2003 Honda Civic: Used Car Specs, Features, and Most Common Problems

The 2003 Honda Civic was an excellent vehicle in its day and is still a solid choice 20 years on. Regardless of trim, they are undeniably down on power compared to their modern equivalents, but significantly lighter and perhaps even more nimble and engaging than their 2022 counterpart. What is lost in safety is more than made up for in reliability and simplicity. Unfortunately, the reputation of the 7th generation Honda Civic is marred by widespread transmission issues. Thankfully, those issues are largely relegated to the 2001 model year. 

Is the 2003 Honda Civic still good?

An inside view of the 2003 Honda Civic interior
2003 Honda Civic Hybrid interior | Tim Boyle/Getty Images

Having recently driven a 2002 Civic EX, it is hard to deny just how fun these early 2000s Civic’s are. They are impossibly light by today’s standards. The lightest of the 2003 models coming in a hair over 2400 lbs, reports AutoBlog. To put this into perspective, the NB Miata (1999-2005), tips the scales at nearly an identical figure. This has the effect of making the 2003 Civic EX’s 127-horsepower 1.7L VTEC engine feel quite eager under load, even with the optional 4-speed automatic. That said, the base 115-hp non-VTEC engine is still decent, especially when paired with Honda’s excellent 5-speed manual transmission.

Is it economical?

2001 Honda Civic at a used car lot
2001 Honda Civic | Tim Boyle/Getty Images

Though the 2003 Civic does not benefit from the last 20 years of improved efficiency, it still does quite well. Equipped with the automatic, its least efficient form, the 2003 Civic will get 25 city and 34 highway mpg, reports Edmunds. With the manual, the Civic will achieve 27 city and 35 highway mpg. Granted, this isn’t quite at the 33 city/42 highway mpg of the 2022’s 1.5L turbo, but solid nonetheless. 

Lacking in luxury

Compared to its modern equivalent, the older Civic falls short in features. This won’t come as a surprise to anyone who has experience with older economy cars, but could be an important factor depending on the needs of the potential buyer. The base DX is pretty barren, reports AutoBlog. You basically get a radio and nothing more. If you want air conditioning, you have to jump to the LX. The top trim EX gets you a power sunroof, 15” rims, and even a key fob for remote keyless entry. If you need more tech, installing a carplay head unit wouldn’t be very expensive.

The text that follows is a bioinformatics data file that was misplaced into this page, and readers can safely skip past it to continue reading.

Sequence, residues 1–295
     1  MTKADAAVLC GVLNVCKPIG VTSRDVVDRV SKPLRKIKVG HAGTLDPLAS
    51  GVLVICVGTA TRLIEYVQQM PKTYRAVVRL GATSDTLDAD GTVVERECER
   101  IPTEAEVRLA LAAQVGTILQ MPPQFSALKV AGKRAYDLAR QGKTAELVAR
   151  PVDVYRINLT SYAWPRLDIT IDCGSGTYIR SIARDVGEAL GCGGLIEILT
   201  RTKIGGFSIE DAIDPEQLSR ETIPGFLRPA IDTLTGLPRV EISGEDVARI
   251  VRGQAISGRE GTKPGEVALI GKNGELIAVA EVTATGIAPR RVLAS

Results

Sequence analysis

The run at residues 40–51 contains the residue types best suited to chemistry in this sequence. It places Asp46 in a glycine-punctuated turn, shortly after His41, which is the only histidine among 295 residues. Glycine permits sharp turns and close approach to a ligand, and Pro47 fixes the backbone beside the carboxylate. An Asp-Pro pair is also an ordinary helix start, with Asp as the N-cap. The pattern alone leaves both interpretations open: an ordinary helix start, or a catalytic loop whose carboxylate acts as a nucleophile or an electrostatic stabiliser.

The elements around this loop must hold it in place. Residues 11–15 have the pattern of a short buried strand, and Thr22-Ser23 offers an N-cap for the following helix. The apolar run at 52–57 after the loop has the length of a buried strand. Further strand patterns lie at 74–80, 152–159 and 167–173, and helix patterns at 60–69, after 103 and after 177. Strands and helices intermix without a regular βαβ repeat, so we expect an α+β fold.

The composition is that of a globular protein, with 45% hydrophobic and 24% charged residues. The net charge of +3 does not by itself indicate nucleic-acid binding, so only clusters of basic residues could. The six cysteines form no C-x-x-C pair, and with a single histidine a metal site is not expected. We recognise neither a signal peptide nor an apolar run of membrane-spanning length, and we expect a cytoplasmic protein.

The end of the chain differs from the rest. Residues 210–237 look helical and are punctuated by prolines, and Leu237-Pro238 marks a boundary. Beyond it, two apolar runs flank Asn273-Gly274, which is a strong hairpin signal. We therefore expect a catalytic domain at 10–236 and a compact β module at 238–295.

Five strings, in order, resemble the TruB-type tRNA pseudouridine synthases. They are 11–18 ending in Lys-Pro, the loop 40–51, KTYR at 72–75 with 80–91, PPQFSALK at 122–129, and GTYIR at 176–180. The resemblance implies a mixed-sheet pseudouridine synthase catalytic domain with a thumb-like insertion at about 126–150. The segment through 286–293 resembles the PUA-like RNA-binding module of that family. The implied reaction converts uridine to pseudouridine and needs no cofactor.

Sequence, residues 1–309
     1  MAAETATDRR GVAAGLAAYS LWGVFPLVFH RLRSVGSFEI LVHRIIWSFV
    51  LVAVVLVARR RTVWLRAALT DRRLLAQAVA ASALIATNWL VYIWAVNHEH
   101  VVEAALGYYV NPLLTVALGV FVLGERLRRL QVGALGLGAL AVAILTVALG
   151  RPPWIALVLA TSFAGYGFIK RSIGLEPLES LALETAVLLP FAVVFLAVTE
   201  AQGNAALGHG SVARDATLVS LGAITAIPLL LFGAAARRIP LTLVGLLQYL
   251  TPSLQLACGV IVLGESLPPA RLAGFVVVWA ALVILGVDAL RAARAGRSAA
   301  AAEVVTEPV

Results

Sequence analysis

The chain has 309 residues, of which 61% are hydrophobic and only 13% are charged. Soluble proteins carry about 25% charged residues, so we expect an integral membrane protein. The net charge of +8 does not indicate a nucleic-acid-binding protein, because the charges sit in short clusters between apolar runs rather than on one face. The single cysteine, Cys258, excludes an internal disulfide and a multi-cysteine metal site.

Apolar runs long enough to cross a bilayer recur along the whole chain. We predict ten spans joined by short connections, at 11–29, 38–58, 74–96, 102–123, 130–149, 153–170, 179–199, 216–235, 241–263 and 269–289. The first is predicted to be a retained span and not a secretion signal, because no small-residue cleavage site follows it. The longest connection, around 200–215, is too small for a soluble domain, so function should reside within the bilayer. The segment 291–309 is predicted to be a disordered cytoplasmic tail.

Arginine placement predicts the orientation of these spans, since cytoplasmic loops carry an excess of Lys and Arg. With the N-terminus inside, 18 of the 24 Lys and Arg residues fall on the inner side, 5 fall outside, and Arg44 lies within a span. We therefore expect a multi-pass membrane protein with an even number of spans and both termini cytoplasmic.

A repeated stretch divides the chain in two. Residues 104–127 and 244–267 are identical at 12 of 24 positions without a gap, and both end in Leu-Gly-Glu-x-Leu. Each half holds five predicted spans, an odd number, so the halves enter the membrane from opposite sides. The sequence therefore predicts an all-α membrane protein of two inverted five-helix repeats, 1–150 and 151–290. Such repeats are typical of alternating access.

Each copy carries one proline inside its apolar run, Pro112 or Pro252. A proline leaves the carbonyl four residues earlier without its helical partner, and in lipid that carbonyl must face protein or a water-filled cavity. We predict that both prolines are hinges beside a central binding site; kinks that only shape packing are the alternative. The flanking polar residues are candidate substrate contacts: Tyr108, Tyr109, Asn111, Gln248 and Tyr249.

Common problems

Related

Which New Honda Models Offer a Manual Transmission?

Honda had some very serious issues with their automatic transmissions back in this era. The 7th generation Civic was hit hard in its inaugural year. CarComplaints shows 898 complaints regarding the automatic transmission in 2001 but by 2003, that number was down to 66. This doesn’t mean the issue was eliminated entirely. But, if anyone is in the market for a 2003 Honda Civic, they can rest more easily knowing the issue is far less widespread. That said, a Civic fitted with the 5-speed manual gets a more engaging driving experience, better fuel economy, and infinitely less transmission anxiety.

Less costly, yet worth noting: peeling paint/clearcoat. Yes, another 2000s Honda problem. The paint thing is not unique to the Civic, but it is the second most commonly reported issue on CarComplaints for the 2003 model year with 33 reports.

2003 was a good year for the Civic

The 2003 Honda Civic may be afflicted with the 2001 model year’s reputation, but it is certainly not afflicted with the same failures. The 5-speed manual is the better option for a variety of reasons. However, despite some crappy paint and minimal features, the 2003 Civic is a solid car regardless of transmission choice.